A new Green Home on the East End. Architect: Andrew Pollock.
A new Green Home on the East End. Architect: Andrew Pollock.

A new Green Home on the East End. Architect: Andrew Pollock.

Building science illustrates the critical nature of getting the right blend of products and processes to achieve a comfortable, healthy, and efficient building. There is not one specific set of materials and construction practices that make a building green. A green, or high performance, practitioner will understand that the critical selections are dependent on many factors involving the occupant’s lifestyle, desired aesthetics, location, budget and costs. Green homes center around a few principles – healthy and comfortable spaces, energy efficiency, the proper use of materials and resources. The successful combination, and desired outcome, is a more durable, more sustainable home that is healthier, more comfortable, and more efficient.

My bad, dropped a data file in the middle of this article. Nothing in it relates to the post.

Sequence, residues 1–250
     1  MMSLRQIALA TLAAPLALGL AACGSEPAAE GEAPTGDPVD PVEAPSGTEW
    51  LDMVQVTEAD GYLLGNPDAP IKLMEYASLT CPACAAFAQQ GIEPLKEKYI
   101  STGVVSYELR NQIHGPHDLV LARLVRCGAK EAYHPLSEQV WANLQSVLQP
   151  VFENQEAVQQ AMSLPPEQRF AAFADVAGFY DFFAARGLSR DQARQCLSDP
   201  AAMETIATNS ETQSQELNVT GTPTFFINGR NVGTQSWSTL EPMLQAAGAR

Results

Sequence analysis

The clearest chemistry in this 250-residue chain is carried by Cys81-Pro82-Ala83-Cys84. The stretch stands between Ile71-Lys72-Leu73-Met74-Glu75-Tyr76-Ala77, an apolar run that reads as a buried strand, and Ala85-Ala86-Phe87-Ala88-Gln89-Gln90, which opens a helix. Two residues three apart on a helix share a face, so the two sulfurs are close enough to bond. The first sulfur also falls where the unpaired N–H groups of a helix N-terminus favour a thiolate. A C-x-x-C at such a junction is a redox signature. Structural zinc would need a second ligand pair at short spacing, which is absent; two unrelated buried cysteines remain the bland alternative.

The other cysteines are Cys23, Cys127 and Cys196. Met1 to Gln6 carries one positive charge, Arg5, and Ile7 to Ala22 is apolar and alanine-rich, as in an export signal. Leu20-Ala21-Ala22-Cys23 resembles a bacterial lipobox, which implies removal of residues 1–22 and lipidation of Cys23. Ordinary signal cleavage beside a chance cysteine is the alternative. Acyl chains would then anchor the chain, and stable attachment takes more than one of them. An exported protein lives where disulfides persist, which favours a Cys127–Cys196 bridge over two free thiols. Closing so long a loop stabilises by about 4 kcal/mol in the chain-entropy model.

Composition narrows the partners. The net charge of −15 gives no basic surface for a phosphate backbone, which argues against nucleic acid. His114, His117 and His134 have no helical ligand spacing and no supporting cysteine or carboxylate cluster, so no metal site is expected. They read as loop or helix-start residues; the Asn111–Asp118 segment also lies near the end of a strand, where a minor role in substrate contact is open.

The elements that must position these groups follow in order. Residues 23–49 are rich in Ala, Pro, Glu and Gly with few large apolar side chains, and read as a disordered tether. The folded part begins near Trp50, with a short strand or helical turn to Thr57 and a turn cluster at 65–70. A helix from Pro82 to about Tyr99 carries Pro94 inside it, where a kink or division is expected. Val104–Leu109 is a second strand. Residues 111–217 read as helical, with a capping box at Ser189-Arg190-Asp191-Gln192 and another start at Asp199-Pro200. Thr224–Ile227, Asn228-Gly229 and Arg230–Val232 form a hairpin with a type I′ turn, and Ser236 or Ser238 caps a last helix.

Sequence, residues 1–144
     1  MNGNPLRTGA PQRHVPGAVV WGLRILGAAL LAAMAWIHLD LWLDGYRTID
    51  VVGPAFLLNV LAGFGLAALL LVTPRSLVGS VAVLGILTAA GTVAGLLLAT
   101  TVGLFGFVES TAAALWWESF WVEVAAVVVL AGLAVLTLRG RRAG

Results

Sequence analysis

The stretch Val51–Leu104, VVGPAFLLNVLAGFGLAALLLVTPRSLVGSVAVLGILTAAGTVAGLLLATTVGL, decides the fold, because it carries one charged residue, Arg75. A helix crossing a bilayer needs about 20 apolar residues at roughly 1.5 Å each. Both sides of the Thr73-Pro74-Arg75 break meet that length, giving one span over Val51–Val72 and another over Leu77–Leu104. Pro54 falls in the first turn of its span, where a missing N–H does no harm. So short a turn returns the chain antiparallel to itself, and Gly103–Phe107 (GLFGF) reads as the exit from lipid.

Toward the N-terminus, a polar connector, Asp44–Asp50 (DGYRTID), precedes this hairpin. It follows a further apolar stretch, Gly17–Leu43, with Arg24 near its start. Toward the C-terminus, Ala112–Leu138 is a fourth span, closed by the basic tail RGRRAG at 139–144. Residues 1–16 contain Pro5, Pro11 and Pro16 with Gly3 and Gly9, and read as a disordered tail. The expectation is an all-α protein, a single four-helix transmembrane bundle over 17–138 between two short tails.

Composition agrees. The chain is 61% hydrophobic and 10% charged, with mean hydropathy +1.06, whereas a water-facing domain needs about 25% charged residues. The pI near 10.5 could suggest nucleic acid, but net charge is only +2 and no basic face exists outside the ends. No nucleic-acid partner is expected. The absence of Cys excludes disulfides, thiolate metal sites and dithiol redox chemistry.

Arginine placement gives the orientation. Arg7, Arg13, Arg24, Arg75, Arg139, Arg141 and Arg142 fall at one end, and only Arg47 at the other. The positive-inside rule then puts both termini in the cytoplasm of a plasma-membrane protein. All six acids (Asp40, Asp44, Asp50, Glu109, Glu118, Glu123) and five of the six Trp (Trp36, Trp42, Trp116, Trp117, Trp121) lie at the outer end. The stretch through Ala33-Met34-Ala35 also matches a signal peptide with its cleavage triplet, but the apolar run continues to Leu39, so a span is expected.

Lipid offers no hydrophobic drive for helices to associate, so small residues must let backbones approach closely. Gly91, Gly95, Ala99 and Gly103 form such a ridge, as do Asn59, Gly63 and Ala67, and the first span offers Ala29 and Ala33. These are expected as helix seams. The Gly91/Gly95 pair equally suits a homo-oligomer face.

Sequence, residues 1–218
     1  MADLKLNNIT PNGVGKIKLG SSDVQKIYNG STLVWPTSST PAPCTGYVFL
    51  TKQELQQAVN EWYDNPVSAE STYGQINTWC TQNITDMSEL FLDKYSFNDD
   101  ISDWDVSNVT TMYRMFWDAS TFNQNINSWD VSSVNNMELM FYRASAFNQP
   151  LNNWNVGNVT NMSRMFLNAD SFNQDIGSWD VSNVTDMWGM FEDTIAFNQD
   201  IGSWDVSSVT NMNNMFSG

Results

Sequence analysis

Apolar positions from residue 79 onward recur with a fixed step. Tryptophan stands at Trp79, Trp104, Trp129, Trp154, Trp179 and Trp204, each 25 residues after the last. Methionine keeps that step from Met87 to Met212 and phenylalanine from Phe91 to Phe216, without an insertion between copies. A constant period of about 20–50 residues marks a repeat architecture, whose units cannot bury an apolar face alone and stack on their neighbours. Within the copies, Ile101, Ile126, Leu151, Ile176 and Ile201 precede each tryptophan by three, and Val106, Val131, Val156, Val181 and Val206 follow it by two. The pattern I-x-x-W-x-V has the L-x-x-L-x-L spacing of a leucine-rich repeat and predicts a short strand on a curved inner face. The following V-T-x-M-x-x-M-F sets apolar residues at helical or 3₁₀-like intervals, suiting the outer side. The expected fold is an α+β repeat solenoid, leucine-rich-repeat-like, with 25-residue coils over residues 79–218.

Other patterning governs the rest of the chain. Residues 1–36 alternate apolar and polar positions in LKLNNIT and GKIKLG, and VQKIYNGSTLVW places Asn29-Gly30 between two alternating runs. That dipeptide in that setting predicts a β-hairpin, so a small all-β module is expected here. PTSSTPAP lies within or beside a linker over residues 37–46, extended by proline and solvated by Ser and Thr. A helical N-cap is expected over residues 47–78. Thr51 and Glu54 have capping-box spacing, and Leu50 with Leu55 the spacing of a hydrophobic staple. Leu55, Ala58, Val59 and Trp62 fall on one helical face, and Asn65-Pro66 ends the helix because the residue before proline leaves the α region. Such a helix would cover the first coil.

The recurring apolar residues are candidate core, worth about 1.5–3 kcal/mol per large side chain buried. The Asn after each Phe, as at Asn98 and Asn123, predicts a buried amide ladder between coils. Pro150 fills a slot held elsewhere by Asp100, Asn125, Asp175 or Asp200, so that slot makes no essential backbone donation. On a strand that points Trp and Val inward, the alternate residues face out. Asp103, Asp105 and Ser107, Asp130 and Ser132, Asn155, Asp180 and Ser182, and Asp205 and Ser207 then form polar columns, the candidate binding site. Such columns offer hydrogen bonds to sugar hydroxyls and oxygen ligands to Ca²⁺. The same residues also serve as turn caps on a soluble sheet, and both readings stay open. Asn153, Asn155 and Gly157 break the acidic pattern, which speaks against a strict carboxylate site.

To start with, as the home gets tighter for energy efficiency, the concerns for the products within the home and the proper (and controlled) ventilation become greater. Green homes utilize products that do not introduce unhealthy amounts of off-gassing from products. Materials such as paints and finishes, plywood, and carpet can give off Volatile Organic Compounds (VOC) and urea-formaldehydes. Ironically, those same chemicals that give a home the desired “new home smell” are the ones that can make us sick. Specifying low VOC paints, finishes, and carpets and low or no urea-formaldehyde glues in plywood will promote a healthier indoor environment. Additionally, the products the occupants bring into a home can have the same impact. Labels such as Green Guard and GreenSeal can assure the designer, builder, and occupant that unhealthy substances are not being introduced into a home.